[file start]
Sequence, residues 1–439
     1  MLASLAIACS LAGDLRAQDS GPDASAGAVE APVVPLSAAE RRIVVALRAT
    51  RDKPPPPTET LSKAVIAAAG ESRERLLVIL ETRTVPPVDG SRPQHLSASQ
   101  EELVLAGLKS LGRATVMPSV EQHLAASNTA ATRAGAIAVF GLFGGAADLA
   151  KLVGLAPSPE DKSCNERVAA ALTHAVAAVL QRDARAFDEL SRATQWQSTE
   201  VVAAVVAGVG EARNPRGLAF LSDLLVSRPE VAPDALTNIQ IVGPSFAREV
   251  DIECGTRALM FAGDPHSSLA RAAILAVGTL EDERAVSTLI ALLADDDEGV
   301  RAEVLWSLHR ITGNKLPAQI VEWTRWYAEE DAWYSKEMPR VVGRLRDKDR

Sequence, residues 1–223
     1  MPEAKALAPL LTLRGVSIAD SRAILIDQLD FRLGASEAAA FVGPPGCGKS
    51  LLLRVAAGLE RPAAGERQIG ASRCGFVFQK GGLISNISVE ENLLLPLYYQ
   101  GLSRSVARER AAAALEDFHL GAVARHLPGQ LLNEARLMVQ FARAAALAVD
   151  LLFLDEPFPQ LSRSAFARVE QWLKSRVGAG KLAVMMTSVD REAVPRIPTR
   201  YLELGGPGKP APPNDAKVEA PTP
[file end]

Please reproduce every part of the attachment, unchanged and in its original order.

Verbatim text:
Sequence, residues 1–439
     1  MLASLAIACS LAGDLRAQDS GPDASAGAVE APVVPLSAAE RRIVVALRAT
    51  RDKPPPPTET LSKAVIAAAG ESRERLLVIL ETRTVPPVDG SRPQHLSASQ
   101  EELVLAGLKS LGRATVMPSV EQHLAASNTA ATRAGAIAVF GLFGGAADLA
   151  KLVGLAPSPE DKSCNERVAA ALTHAVAAVL QRDARAFDEL SRATQWQSTE
   201  VVAAVVAGVG EARNPRGLAF LSDLLVSRPE VAPDALTNIQ IVGPSFAREV
   251  DIECGTRALM FAGDPHSSLA RAAILAVGTL EDERAVSTLI ALLADDDEGV
   301  RAEVLWSLHR ITGNKLPAQI VEWTRWYAEE DAWYSKEMPR VVGRLRDKDR

Sequence, residues 1–223
     1  MPEAKALAPL LTLRGVSIAD SRAILIDQLD FRLGASEAAA FVGPPGCGKS
    51  LLLRVAAGLE RPAAGERQIG ASRCGFVFQK GGLISNISVE ENLLLPLYYQ
   101  GLSRSVARER AAAALEDFHL GAVARHLPGQ LLNEARLMVQ FARAAALAVD
   151  LLFLDEPFPQ LSRSAFARVE QWLKSRVGAG KLAVMMTSVD REAVPRIPTR
   201  YLELGGPGKP APPNDAKVEA PTP